If I remember correctly, this is actually related to diet. High-sugar diets tend to make us resistant to leptin, throwing off hormonal balance in just the way you describe. From what I've read a lot of issues related to diet are hormonal, but that's affected by what we eat, as well as the other way around.

    Quote Originally Posted by Quinlan View Post
    How did the hormonal treatment make them a better person? How did it improve their character and make their will power stronger? The fact is it didn't, it just fixed a fault in the system.
    Exactly. Nobody deserves to be bullied.
    [SIGPIC][/SIGPIC]

  4. #154
    Intriguing.... Quinlan's Avatar
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    Quote Originally Posted by kelric View Post

    If I remember correctly, this is actually related to diet. High-sugar diets tend to make us resistant to leptin, throwing off hormonal balance in just the way you describe. From what I've read a lot of issues related to diet are hormonal, but that's affected by what we eat, as well as the other way around.
    .
    I wasn't aware that the cause of Leptin resistance had been pinned down but something like sugar would not surprise me. I suspect it is something considered fairly innocous that starts the intial spiral into resistance. I think good quality sleep supposedly helps with improving Leptin sensitivity too. The scientific community doesn't seem particularly interested in Leptin though, I think we need a leptin index of food just like there is a glycemic index of food. I think exercise might improve health not so much because you are burning x amount of calories but because of its beneficial hormonal effects. I think there needs to be more research into leptin resistance. Part of the problem with the dominant view on obesity is that it is based on our understanding before we even knew things like Leptin even existed. So there was an obsession with the few things we did know about (calories) rather than less obvious things like hormones.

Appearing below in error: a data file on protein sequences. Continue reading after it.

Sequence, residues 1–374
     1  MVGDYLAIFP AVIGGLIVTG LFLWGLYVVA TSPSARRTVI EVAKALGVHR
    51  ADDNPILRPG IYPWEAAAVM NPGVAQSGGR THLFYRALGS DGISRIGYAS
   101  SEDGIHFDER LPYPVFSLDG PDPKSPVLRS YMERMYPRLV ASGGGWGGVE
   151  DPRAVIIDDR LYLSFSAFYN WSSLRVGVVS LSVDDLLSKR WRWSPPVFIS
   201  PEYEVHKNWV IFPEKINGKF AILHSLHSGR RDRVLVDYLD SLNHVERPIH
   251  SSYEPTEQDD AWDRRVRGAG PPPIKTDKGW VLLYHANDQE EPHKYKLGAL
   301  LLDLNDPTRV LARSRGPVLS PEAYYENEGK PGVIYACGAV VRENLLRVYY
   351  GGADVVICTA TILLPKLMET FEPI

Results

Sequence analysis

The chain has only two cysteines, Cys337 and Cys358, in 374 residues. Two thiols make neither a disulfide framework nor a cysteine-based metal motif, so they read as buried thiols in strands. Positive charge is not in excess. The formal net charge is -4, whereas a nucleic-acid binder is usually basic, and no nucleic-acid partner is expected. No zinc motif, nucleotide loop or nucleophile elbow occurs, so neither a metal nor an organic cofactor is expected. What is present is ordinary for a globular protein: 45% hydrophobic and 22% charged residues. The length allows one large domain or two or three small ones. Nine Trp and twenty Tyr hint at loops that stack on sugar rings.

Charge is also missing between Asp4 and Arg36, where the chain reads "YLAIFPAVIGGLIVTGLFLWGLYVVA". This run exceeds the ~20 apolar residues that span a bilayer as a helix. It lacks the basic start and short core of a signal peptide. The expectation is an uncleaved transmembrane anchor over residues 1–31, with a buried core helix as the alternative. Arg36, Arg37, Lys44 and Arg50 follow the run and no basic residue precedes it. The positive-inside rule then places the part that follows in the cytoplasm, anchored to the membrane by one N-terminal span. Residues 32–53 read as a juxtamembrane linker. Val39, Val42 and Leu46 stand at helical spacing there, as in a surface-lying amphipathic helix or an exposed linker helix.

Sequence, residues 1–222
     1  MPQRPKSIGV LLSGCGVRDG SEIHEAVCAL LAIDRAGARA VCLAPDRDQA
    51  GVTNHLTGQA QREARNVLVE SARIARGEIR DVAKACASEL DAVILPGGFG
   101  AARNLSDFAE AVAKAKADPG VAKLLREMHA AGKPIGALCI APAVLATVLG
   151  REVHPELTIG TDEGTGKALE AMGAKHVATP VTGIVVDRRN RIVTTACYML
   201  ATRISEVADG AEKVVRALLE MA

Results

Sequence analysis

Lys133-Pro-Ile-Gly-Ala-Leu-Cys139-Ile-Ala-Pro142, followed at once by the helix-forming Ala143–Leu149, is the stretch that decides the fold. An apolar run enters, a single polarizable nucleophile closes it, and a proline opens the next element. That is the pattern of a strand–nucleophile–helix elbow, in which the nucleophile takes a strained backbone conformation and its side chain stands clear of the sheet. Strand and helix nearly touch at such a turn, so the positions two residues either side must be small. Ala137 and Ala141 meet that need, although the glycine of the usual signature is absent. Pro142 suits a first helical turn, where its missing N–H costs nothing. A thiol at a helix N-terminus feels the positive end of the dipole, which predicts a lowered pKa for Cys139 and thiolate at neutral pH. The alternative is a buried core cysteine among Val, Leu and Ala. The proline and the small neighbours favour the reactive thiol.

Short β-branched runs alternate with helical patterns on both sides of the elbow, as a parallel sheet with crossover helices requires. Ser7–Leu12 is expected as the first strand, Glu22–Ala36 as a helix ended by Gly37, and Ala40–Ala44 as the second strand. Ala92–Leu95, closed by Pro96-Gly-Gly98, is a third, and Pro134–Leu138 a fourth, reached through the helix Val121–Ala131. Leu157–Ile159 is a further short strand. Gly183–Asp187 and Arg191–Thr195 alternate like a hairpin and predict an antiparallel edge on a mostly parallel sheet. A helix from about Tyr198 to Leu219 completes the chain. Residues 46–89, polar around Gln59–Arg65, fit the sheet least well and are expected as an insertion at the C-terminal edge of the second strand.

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  5. #155
    Senior Member Chiharu's Avatar
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    Quote Originally Posted by Ivy View Post
    I'm troubled also by some of the comments in this thread that imply all fat people are liars. It effectively sets up a system in which a fat person is unable to defend themselves from accusations; the fall-back position is that they're just lying about what they do and eat. I suspect there is more to this than the (very real) factors of food addiction, suburban sprawl, and unchecked agribusiness. What about the complete dependence on plastics for damn near everything? That wasn't the case just a few decades ago, and many of the plastics we use (even ones we pack our food in) are proven endocrine disruptors. I just don't think it's useful or productive to completely blame individual fat people for their condition when there may be (and IMO probably are) factors we haven't even identified yet that affect this on a wider scale.
    I agree that too many people assume that obese people lie about what they eat. As Briochick said, becoming obese (let's say 20-40 lbs overweight) is not that difficult for normally healthy people if they stop monitoring their food intake and activity level. But, the truth is, many morbidly obese people will admit that they lie about food intake. Most emotional eating is done in secret. So while these assumptions are definitely not helpful, they are also not unfounded or motivated by hatred for the obese. And I think that hiding food is a major indicator of food addiction or emotional eating. It's a good question to ask.
    Be soft. Do not let the world make you hard. Do not let pain make you hate. Do not let the bitterness steal your sweetness." ― Kurt Vonnegut

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  6. #156
    Senior Member Tiltyred's Avatar
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    I wonder about the total acceptance of causality regarding illness. My mother has cancer. She never smoked one cigarette, drank extremely rarely and never even to the point of being drunk, never took a drug, was never promiscuous, kept her weight well within healthy range, got light exercise regularly, stayed active in social groups, had good relationships that she kept over time, I mean ... everything you think should lead to perfect, splendid health ... but she has cancer and her arteries are so brittle she can't have a stent.

    Some of you folks just sound very young to me. You don't realize you could get slammed in the face with a catastrophic illness, or find out late in life that your arteries are for shit and you're not in the great health you always thought you were either. It's not always about how you live. We're just at the mercy of some things in life -- we're not in control of everything. Have some compassion and stop making it your business to judge who's doing it right and who's not.